Unlike our nearest relatives who learn everything they seemingly need to know by the time they can reproduce, humans who could keep on learning new things killed off or overwhelmed (most likely, eaten or used as bait) other human types that couldn't keep up with the technological arms race. The ones who figured out how to put a chipped rock onto a stick did better than ones who were content to use any old stick. The ones who could teach their young how to take a stick, attach a twisted intestine to it and bend it so it was very taut and then use another stick with a stone tied to the tip and three feathers on the back---they were our ancestors.
The ability to constantly fiddle with details of various items and to talk about these alterations and to fine-tune things over and over again is the path humans took. Apes took the easier road whereby they had to get some simple skills with temporary tools, a rock, a stick, to be used only for a short while or if it were a rock used over and over again, once the user died, the rock was forgotten.
Remembering how to do many things, where many things are and how to explain new things is what set us apart. Prying apart boxes is easy. Manufacturing a box is somewhat harder. Some birds build very elaborate nests and in the monkey/ape lines, none of them could build anything nearly as good as a simple weaver-bird's nest until humans came along.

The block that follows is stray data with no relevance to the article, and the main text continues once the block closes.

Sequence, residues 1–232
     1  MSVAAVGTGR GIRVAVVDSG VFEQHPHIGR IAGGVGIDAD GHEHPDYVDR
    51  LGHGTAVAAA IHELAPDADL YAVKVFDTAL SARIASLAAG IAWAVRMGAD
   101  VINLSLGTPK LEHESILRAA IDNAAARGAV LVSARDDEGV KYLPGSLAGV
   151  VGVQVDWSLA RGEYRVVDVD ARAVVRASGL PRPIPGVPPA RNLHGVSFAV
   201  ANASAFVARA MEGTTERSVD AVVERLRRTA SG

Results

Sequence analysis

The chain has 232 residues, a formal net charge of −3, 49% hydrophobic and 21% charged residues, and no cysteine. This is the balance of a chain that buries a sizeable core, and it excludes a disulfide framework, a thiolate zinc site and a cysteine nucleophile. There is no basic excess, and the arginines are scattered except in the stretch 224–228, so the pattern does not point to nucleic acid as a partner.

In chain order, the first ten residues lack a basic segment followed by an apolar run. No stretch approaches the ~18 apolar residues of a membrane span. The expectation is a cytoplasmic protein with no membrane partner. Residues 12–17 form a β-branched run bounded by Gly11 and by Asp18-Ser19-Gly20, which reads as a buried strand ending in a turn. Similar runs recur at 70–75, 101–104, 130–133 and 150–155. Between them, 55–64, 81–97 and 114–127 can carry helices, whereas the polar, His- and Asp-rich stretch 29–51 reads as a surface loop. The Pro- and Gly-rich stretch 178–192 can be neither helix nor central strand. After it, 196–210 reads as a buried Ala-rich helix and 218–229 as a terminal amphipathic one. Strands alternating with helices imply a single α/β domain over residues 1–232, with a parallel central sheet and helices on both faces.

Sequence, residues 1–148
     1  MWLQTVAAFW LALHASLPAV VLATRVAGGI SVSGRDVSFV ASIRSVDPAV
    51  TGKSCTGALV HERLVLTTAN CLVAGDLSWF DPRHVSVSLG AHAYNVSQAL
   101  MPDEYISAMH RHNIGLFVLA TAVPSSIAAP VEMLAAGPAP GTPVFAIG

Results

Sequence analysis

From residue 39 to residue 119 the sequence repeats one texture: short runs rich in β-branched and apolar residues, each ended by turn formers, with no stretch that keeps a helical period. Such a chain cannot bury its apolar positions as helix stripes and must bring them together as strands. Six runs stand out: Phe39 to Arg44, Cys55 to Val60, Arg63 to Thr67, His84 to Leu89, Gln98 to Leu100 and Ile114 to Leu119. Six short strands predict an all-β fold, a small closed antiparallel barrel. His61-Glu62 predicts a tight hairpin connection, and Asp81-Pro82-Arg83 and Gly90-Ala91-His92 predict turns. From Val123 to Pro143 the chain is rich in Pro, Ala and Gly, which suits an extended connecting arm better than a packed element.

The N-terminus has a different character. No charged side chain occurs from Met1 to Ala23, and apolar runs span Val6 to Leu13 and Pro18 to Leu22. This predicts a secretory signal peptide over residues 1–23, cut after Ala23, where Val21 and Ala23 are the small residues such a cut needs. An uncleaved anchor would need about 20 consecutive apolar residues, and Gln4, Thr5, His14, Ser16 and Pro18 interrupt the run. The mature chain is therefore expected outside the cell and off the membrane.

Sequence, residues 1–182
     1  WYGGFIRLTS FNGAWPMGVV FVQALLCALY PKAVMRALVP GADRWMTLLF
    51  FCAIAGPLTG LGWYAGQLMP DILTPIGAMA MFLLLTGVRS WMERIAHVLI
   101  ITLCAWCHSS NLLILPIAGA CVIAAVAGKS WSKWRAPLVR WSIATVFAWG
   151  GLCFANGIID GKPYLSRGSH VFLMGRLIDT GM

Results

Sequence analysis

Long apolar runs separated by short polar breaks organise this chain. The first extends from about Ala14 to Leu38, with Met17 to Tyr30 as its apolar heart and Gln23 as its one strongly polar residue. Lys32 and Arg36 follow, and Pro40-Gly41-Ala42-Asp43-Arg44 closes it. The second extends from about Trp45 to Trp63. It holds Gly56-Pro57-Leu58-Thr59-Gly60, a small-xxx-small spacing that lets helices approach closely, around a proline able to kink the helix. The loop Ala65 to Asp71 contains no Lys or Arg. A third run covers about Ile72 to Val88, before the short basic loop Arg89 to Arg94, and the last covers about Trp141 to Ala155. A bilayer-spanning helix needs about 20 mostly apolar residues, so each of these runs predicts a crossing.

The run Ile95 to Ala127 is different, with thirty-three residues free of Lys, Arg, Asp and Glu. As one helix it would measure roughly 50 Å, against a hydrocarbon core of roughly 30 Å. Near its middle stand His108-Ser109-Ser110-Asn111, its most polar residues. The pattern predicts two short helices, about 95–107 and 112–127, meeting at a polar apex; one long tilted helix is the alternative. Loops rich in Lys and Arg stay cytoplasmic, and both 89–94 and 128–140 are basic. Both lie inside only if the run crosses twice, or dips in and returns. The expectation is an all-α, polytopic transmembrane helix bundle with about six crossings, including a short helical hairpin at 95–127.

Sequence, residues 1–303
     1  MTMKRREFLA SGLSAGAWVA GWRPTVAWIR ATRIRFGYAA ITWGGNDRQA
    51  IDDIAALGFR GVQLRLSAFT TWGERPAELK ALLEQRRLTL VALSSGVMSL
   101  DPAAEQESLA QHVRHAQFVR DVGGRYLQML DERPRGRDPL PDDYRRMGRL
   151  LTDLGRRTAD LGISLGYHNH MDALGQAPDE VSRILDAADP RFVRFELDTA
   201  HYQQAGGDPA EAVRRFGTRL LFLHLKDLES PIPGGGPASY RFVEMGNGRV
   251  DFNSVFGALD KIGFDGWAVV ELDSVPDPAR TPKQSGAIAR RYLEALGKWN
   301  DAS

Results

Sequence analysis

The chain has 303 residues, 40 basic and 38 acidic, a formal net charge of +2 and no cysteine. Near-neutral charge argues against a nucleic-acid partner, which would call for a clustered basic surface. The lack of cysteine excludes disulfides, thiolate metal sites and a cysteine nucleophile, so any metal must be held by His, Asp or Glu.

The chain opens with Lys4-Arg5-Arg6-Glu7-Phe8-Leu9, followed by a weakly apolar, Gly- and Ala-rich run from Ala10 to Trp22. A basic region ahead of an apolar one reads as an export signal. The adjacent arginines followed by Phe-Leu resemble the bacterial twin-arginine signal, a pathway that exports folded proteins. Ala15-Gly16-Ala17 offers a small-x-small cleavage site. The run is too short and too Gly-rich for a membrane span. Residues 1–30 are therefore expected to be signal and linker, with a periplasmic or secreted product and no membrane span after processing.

I used to raise and sell weaver birds. Delighful creatures! They carefully examine the nesting material I provided. They were like little carpenters: each string or straw had to be looked over carefully. Then it was carefully woven into the growing nests which hung like sacks from the limbs of the tree inside their aviary. They put a lot of thought into their nest building. Yet all looked nearly identical for the work was programmed into their brains and it evolved very slowly thanks to predators eating the eggs and babies of unsuccessful nests.
The human art of weaving grew slowly and became more and more elaborate over the eons. Thanks to industrialization, it is rapidly dying. As a former sheep owner who knows weavers, the process of raising sheep, shearing their wool, carding it, spinning it into threads, building a loom and then using the shuttles and other components. And various looms are of varying levels of complication. Each evolved over thousands of years! All disappearing like snow in a heat-wave.
If civilization were to collapse, this could possibly totally disappear. Ditto many other ancient skills such as how to find good rocks and chip them into tools and weapons. I used to do this for fun. It is very difficult!